How The Simpsons changed television | By Mitch Grinter, co-author of Homer's Odyssey

How The Simpsons changed television

By Mitch Grinter, co-author of Homer's Odyssey

‘I’m no art critic, but I know what I hate. And I don’t hate this.’

Those words, uttered by a 20-something undergraduate art student wandering around the Guggenheim stopped me dead in my tracks. 

My new wife and I had been enjoying our time in New York but the sense of isolation that comes as a result of knowing nobody while being surrounded by seemingly everybody on the planet was starting to set in. We were some 16,000 km from where we grew up, but at that moment we felt at home, for we had found a Simpsons fan.

Admittedly, finding a fan of The Simpsons on any given street isn’t a difficult task. Since bursting on to TV screens in 1989 to an estimated 26.7 million viewers, it has been one of the most enduringly popular television shows in history. No other show has ever had the combination of extreme success and a rabidly obsessive fan-base. 

Shows such as Arrested Development, 30 Rock, or The Office have their loyal fans, but never achieved the same level of commercial success. Everybody Loves Raymond was watched by seemingly every person on the planet, but you show me somebody who can remember a single line of dialogue from it and I’ll show you Ray Romano. 

Seinfeld, with its ‘yada-yadas’ and ‘no-soup-for-yous’ may have entered several catch-phrases into our lexicon, but only The Simpsons can lay claim to having a quote for just about any situation you can think of:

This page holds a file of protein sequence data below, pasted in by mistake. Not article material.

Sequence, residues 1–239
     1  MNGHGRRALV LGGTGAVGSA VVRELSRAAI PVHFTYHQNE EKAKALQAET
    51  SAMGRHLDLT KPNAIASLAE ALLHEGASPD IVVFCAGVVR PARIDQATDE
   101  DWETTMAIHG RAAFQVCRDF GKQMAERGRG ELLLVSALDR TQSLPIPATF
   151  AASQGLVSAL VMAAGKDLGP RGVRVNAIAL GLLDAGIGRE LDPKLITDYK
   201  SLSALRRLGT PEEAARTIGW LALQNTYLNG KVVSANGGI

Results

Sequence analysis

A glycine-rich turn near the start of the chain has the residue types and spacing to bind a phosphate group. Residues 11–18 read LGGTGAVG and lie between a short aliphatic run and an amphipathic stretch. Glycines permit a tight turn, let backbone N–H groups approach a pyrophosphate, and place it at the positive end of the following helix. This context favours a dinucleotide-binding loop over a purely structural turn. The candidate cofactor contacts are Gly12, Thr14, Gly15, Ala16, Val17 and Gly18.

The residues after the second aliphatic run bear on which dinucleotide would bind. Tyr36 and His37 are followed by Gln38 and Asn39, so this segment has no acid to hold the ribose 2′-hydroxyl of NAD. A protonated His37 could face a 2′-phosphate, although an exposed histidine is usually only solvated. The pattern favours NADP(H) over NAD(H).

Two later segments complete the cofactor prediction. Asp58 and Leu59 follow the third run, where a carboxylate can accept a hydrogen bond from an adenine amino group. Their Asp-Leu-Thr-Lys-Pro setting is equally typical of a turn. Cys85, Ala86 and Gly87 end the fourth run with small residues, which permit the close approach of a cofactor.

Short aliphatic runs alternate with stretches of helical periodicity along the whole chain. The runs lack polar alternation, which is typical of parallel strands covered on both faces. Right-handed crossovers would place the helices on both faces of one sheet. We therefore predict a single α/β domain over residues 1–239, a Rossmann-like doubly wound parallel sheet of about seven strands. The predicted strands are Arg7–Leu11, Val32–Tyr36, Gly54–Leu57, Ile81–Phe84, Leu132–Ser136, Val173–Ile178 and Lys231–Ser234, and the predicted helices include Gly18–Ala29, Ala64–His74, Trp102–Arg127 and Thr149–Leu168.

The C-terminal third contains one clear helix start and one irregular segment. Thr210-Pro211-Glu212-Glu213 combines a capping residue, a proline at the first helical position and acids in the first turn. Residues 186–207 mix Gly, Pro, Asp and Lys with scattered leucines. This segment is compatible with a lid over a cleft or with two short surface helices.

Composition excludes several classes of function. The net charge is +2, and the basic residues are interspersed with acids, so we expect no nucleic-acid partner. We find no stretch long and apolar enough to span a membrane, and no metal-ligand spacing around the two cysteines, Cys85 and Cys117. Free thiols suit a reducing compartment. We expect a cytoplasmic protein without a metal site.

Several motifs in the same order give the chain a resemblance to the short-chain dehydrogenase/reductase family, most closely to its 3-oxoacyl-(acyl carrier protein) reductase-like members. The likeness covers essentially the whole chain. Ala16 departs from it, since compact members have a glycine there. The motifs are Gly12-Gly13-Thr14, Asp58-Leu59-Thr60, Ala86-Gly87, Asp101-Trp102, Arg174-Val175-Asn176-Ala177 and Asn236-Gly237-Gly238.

Did you just order a weird tasting drink at a bar? ‘Try lighting it on fire.;

Did you jump into a swimming pool a bit heavy on the chlorine? "My eyes. The goggles do nothing!"

Was your phone ringing as you left the shower? ‘You’ll have to speak up, I’m wearing a towel.’

I know people who have spent weeks communicating entirely via Simpsons memes and still kept 100 per cent up to date with each other’s lives.

It tends to be forgotten now, but the show started as a blazing assault on the traditional American family values championed by sitcoms such as Growing Pains, Family Ties and The Cosby Show. It was bold, it was different, it was yellow! And it was damn funny. 

The first handful of episodes had more in common with traditional sitcoms, at least in terms of plot, than anything else: Cheating on a test, family in-fighting, and school bullies were the early focus, but in terms of delivery it was unlike anything that had come before.

 It’s hard to imagine Cliff Huxtable electroshocking his family, or Alex P. Keaton being advised to deal with a bully by going ‘for the family jewels’.

As a young boy, watching Homer refer to Bart and Lisa as ‘uncontrollable hellions’ was like being let in on the secret conversations adults usually only had when you were out of the room. Here we were watching an animated family with overbites and odd silhouettes who more closely resembled our own families than anything that had previously gone to air.